Also the only way you will ever make it at anything is to try it and dedicate yourself towards the activity.  While people occasionally get lucky and stumble into success, it is way better to create your own luck.  This takes a tremendous amount of work and I feel certain that after a year of investing this kind of time and effort into a project, like making it as an actor in New York, school will seem much easier.

 In the end, I got bored with acting. By the end of third year  I realized I was losing interest in it even as a hobby. Nonetheless I would not have been harmed in any way by actually trying to make a go of it when I was 18. I think I would have actually been much better off.

 Any thoughts?


11 responses to “Having Something to Fall Back On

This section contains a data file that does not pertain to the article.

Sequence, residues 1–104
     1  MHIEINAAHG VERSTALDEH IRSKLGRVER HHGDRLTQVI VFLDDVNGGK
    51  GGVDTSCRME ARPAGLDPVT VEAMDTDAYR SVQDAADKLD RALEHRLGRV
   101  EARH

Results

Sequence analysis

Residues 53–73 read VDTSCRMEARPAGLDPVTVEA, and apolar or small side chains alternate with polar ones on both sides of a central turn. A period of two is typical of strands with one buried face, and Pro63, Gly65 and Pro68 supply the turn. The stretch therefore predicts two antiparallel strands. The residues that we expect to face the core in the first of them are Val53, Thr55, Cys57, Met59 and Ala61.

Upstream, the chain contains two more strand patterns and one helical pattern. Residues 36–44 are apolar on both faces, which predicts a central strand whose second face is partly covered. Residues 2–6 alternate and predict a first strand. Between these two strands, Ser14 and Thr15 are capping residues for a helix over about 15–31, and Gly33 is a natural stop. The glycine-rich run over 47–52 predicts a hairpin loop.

1. Paper Bag Princess

    I think there is a great deal of sense to what you are saying. My experience was so different. I entered post secondary school straight from high school and stayed there for an MA and a very good chunk of a PhD mainly because I didn’t know what I wanted to do with my life. I kind of got stuck there, and was afraid to leave. I wouldn’t say I had any regrets about it all, but sometimes I think most of the educational and career choices I have made in my life have been by default!!

  2. This came at a perfect time. I find myself lacking employment as of noon today, and I needed a reminder that hey- I’m 25. I don’t need to have this all figured out.

    And I’ve got something to fall back on. Aside from my ass.

  3. Uh oh are you saying I’m supposed to have it all figured out? 🙂

    Change can be difficult but it is also an opportunity. OK I sound a little like a fortune cookie there.
    Good luck Meg and I look forward to hearing about your next adventure.
    How’s the German coming along? 🙂